Conflicted transitions: Exploring the actors, tactics, and outcomes of social opposition against energy infrastructure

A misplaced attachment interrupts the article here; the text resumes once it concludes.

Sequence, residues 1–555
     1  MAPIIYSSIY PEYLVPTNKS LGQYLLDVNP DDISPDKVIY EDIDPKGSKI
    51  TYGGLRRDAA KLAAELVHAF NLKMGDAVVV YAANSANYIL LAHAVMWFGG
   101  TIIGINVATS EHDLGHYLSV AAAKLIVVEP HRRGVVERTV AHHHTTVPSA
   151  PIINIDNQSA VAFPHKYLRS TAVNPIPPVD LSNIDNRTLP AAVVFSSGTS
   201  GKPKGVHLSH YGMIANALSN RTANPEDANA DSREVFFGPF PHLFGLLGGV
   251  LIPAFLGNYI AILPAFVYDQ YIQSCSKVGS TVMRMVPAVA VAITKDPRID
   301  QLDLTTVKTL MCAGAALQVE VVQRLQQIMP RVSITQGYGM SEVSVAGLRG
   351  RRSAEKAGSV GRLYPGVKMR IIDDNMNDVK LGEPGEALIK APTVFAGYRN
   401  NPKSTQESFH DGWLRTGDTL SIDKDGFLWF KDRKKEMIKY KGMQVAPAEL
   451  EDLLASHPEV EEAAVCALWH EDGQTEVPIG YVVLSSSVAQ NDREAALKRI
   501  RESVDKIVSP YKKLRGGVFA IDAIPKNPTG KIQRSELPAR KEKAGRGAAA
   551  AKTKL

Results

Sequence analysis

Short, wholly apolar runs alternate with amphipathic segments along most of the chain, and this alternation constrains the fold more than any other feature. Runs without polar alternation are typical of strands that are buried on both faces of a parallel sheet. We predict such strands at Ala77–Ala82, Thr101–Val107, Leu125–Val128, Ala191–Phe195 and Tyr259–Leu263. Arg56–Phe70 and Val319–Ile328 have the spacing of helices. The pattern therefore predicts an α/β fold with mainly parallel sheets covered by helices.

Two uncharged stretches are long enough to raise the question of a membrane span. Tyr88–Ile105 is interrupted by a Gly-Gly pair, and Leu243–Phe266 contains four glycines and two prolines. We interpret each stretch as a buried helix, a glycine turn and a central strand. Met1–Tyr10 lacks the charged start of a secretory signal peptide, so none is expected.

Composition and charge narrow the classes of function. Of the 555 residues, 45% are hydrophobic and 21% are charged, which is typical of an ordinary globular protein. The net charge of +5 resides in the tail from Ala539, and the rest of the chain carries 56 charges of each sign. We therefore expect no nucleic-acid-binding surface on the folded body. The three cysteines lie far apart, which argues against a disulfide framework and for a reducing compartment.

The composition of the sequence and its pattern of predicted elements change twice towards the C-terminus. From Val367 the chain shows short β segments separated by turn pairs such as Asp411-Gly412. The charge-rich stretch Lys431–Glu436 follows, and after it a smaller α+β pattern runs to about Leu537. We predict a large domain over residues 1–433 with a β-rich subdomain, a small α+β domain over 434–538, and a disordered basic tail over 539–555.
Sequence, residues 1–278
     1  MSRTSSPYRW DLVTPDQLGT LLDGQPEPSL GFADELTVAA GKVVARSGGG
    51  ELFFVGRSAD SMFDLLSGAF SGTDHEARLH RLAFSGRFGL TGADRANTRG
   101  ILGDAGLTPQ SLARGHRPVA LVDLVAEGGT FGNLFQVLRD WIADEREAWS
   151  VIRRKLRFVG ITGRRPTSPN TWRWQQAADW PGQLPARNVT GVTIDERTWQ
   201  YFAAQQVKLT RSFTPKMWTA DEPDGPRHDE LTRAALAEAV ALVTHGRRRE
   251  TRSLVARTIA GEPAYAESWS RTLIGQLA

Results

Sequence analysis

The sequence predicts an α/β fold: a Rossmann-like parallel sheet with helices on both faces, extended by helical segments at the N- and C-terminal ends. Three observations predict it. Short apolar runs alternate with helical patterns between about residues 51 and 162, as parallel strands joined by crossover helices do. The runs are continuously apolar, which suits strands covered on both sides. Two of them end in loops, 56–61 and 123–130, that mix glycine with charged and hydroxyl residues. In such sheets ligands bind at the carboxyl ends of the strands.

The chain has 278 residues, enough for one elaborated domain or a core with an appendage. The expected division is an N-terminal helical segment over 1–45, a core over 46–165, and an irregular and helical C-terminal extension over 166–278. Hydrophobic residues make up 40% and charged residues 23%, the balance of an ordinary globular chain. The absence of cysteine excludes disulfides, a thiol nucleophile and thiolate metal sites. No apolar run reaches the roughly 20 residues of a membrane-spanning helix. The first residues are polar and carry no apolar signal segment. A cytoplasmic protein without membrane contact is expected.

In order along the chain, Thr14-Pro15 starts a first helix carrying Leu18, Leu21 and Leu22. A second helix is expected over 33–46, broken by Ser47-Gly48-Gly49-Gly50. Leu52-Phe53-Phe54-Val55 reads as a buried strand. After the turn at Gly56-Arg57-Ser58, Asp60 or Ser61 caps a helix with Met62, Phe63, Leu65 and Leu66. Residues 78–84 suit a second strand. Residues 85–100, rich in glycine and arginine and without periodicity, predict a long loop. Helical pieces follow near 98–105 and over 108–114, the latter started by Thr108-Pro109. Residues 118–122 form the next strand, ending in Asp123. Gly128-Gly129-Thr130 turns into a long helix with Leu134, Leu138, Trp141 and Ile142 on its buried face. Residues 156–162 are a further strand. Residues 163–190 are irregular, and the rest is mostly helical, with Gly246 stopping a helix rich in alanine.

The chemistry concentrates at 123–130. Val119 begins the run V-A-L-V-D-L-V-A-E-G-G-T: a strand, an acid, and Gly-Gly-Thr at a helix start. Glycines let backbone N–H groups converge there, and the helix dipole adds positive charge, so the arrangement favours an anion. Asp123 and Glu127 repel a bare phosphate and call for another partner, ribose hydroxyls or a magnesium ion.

Given the growing frequency, severity, and salience of social mobilization and community action on energy and climate issues, in this study we systematically explore the configurations of types of infrastructure, actors, tactics, and outcomes of recent opposition to energy transitions across seven carbon-intensive regions in Asia, Europe, and North America. Based on both a literature review and an original dataset of 130 case studies spanning the past decade, we track opposition to a wide range of energy infrastructure in these regions, including low-carbon options such as renewable energy and nuclear power; provide network analyses of the actors and coalitions involved in such events; and develop a typology and frequency analysis of tactics (such as litigation or protest), and outcomes (such as remuneration, policy change, concessions, or labor protections). We show that the politics of energy transitions in carbon-intensive regions varies significantly from country to country and across types of energy, and we discuss how the configurations of infrastructure, actors, tactics, and outcomes can be explained by differences in national institutions and their responses to global or supranational pressures. By bringing both a sociotechnical and comparative perspective to the global analysis of social movements and energy transitions, we suggest how goals of energy transition are refracted through national and subnational institutions and through local mobilizations both in support of and opposed to those transitions.